From: The New York Times
Hey, Mets! I Just Can’t Quit You.
By DAVID BROOKS
In 2005, I wrote a column saying that maybe it was time to abandon the New York Mets and become a fan of the Washington Nationals. My reasoning was sound. We were raising our kids in Washington. We had Nats season tickets. We were acquiring Nats paraphernalia. It would be so easy to join the fold.
Since then, the reasons to leave the Mets and follow the Nats have become even more compelling. The Mets have suffered a pair of bone-crushing late-season collapses that have changed the personality of the franchise. The team is mired in financial turmoil. It is expected to be mediocre for the next several seasons, at best.
The Nats, meanwhile, have a set of astoundingly talented young players and should be thrilling to watch for the next decade.
Yet the project to switch to the Nats has been a complete failure. Apparently, when writing that column seven years ago, I was suffering from the Rick Blaine Illusion (named for the character in “Casablanca”): the illusion that we are autonomous individuals who have the ability to shed and form our attachments at will.
We don’t. I’ve since come to accept that my connection to the Mets exists in a realm that precedes individual choice. It is largely impervious to calculations about costs and benefit. It is inescapable.
Since I am me, I’ve read a bunch of social science papers on the nature of sports fandom, trying to understand this attachment. They were arid and completely unhelpful. They tried to connect fandom to abstractions about identity formation, self-esteem affiliation and collective classifications.
It’s probably more accurate to say that team loyalty of this sort begins with youthful enchantment. You got thrown together by circumstance with a magical team — maybe one that happened to be doing well when you were a kid or one that featured the sort of heroes children are wise to revere. You lunged upon the team with the unreserved love that children are capable of.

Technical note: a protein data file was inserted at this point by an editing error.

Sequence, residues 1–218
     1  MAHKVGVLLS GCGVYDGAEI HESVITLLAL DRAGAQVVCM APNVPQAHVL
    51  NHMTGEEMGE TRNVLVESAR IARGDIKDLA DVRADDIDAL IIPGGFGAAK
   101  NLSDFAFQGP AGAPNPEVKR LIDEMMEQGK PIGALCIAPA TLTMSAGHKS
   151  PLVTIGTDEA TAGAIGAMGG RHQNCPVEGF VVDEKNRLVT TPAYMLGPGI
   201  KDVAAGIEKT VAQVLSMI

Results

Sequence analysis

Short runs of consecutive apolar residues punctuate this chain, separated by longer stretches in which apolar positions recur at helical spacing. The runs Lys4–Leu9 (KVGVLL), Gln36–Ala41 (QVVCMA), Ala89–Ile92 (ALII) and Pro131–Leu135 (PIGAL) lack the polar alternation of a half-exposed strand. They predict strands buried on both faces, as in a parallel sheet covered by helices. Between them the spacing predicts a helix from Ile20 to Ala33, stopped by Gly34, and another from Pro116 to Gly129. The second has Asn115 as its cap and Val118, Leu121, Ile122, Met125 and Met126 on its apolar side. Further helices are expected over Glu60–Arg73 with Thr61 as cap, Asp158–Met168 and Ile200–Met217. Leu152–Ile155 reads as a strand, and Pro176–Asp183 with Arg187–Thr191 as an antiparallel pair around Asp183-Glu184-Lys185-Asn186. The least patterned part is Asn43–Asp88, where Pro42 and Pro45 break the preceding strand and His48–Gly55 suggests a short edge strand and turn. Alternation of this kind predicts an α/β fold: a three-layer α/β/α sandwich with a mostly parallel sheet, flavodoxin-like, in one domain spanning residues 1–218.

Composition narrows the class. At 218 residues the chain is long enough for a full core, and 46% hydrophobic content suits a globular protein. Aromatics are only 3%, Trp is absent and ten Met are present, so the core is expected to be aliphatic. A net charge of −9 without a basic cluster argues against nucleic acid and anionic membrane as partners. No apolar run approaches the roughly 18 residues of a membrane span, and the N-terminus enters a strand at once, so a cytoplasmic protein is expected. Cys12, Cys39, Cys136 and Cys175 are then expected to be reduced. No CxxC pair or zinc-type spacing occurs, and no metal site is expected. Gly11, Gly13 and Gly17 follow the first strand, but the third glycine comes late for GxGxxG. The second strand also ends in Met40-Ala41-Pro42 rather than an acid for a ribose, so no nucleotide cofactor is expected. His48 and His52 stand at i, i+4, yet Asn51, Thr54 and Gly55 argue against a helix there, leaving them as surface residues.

The team became crystallized in your mind, coated with shimmering emotional crystals that give it a sparkling beauty and vividness. And forever after you feel its attraction. Whether it’s off the menu or in the sports world, you can choose what you’ll purchase but you don’t get to choose what you like.
The neuroscientists might say that, in 1969, I formed certain internal neural structures associated with the Mets, which are forever after pleasant to reactivate. We have a bias toward things that are familiar and especially to those things that were familiar when life was new: the old house, the old hometown, the people, smells and sounds we knew when we were young.
I’d say my attachment to the Mets is more like an old friendship. It’s not as intense as it used to be. I watch about 40 games a year, mostly on TV, and read blogs like Amazin’ Avenue and Metsblog.com. I’d like the team to thrive and win championships. But I really just want them to continue to be one of the allegiances that enrich life. I want them to continue to provide vivid moments.
A Mets at bat is more vivid to me than an at bat not involving the Mets. A Mets prospect is more consequential than any other prospect. Hustling players like Daniel Murphy, charming players like Ike Davis, and funny players like R.A. Dickey are more endearing because they happen to be Mets. I was in the media center of the Mets spring training facility in Florida this week when Ron Darling, the excellent pitcher from the great teams of the 1980s, sat down at the table next to me and started reading The Times. That was a vivid moment, evoking all sorts of memories, though I didn’t try to talk with him.
There’s a core American debate between “On the Road” and “It’s a Wonderful Life.” “On the Road” suggests that happiness is to be found through freedom, wandering and autonomy. “It’s a Wonderful Life” suggests that happiness is found in the lifelong attachments that precede choice. It suggests that restraints can actually be blessings because they lead to connections that are deeper than temporary self-interest.
The happiness research suggests that “It’s a Wonderful Life” is correct and “On the Road” is an illusion. So I’ll die a Mets fan, exaggerating their potential, excusing their deficiencies. This week, in Florida, I even detected new virtues in the team. In the early days, the Mets were lovable losers, then miraculous winners, then, in the 2000s, big-spending disappointments. Now they are young and frisky, enthusiastic and charming. I’ll enjoy following this team and exaggerating its promise. I have no choice but to love the Mets. Just as I have no choice but to hate the Phillies.